While implementing social media channels into their existing tech stacks can bring up quite a few challenges for the banking industry, it can also be used to their advantage despite the risk of sailing into a new area. 

Banks are cognizant of consumers’ needs and want to meet the demands, in particular the younger generations who are accustomed to doing everything in public light, but compliance, security and privacy are still huge aspects for FIs when it comes to becoming comfortable with social platforms. 

For the same reason, banks are not at par with social media user engagement, with only 8% of digital banking users following their bank or credit union on Facebook or LinkedIn, and just 5% following their institutions on Twitter.

The right social media strategy – by being responsive, engaging, and problem-solving – can help banks better understand their customers’ changing needs and improve the overall customer experience, build lasting relationships, and increase customer retention. 

In fact, social customer support has become a pressing priority because it allows customers to reach the firms on the platforms they already use everyday. For each 100 followers, FIs received 229 support requests on Twitter and three on Facebook. Institutions that surpass their Twitter followers by 1,000 could receive as many as 23,000 service requests each year via Twitter. This shows how banks need to capitalize on the reach that popular social-media platforms facilitate with more focus than ever before.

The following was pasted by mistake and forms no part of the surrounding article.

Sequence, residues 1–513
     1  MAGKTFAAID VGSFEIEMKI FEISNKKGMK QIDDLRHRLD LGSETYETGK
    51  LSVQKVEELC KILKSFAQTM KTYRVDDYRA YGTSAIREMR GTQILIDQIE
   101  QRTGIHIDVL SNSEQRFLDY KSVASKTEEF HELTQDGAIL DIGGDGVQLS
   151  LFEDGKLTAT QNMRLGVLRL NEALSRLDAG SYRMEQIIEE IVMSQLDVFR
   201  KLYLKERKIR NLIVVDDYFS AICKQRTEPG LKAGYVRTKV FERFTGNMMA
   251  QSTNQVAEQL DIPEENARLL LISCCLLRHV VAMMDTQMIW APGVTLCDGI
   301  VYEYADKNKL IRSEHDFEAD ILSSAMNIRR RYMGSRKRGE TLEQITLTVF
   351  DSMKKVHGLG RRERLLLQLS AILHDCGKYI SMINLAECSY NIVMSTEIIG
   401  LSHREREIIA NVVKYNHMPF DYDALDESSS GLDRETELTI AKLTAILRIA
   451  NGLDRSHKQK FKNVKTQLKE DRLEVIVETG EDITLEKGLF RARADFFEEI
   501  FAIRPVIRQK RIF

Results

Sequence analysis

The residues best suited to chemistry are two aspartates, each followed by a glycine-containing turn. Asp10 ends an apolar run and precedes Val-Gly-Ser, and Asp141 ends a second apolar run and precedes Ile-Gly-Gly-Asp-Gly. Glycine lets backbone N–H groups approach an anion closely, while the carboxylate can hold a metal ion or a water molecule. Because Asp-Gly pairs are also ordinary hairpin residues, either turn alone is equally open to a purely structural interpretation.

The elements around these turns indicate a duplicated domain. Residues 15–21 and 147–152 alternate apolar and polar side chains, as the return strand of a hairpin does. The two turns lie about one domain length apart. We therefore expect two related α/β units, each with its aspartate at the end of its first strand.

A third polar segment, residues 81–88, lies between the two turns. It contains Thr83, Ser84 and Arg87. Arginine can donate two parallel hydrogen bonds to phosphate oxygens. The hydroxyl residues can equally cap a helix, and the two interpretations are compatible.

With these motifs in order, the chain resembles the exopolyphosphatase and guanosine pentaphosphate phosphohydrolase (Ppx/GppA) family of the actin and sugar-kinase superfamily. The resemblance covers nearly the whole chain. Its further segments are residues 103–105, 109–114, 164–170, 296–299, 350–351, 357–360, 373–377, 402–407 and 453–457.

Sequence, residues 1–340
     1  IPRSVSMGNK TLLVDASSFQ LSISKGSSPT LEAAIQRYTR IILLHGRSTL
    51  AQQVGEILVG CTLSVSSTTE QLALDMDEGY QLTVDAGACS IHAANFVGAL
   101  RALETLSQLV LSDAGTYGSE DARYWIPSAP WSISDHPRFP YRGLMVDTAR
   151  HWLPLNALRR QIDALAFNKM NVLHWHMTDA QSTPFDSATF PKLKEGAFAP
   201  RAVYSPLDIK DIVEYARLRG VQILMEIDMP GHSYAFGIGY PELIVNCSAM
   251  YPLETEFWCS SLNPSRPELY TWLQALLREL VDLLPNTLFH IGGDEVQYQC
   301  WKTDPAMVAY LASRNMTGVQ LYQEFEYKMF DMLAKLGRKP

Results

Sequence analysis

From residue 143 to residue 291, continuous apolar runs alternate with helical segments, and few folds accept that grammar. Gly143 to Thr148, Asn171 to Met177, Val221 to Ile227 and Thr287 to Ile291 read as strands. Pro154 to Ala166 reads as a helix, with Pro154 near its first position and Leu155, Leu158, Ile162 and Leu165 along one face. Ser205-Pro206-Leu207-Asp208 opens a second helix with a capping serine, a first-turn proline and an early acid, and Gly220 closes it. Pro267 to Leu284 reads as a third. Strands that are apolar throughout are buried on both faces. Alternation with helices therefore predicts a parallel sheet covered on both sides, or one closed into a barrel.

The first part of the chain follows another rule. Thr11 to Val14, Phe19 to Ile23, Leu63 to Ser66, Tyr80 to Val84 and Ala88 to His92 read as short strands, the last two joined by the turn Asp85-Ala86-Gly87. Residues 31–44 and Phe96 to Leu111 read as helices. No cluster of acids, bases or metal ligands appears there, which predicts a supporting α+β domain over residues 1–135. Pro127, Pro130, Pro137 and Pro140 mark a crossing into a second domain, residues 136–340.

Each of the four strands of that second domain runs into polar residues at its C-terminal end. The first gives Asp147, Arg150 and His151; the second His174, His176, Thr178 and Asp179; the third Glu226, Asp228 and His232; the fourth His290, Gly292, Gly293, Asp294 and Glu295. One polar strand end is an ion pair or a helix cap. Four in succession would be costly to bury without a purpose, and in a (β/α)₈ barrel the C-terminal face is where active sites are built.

Moreover, after the acquisition of Twitter, Elon Musk shared his vision for Twitter's plan to enter the payments market in a move to create a first-of-its-kind super app offering interest, a debit card, checks, and maybe even loans in the US. This further suggests why FIs need to enhance their digital strategies as competition intensifies, become proactive, and be future-ready.

3. AI Chatbots are building on the digital banking momentum

While digital or online chats are a way to offer prompt assistance to customers – only 11% of digital banking users made use of this option, which accounts to seven digital chat interactions per user on an annual basis.

The report showed that 12% of Gen Zers and one in five Millennials switched to an online chat, or a social media channel when they last opened a checking account.

To address and fill in the cracks in the traditional banking services, which include long waiting times, inconsistency in or missing information, and unanswered questions, chatbots powered by artificial intelligence (AI) capabilities have become the new must-have standby support in the banking industry.

While the pandemic accelerated the deployment of digital tools, AI chatbots have become a big part of the trend – evidenced by the increased number of FIs (23%) that were expected to have deployed chatbots by the end of 2022, up from the 12% that had implemented chatbots in the start of 2021.

In addition to resolving the pain points for customers and saving time, the adoption of chatbots also cuts down operational costs for FIs. By embracing the AI tech, banks are expected to reduce customer service costs amounting up to $7.3 billion globally by 2023, up from an estimated $209 million in 2019. 

With the advent and increasing popularity of ChatGPT, 2023 might be the year for the AI banking chatbots.

While the AI chatbots tech is promising, seeing an upward trend and emerging as a new performance metric for digital banking, the user experience remains a work in progress. Even artificially intelligent chatbots, though skilled at detecting patterns in human language, have limitations when it comes to natural language understanding – thus lacking a human touch.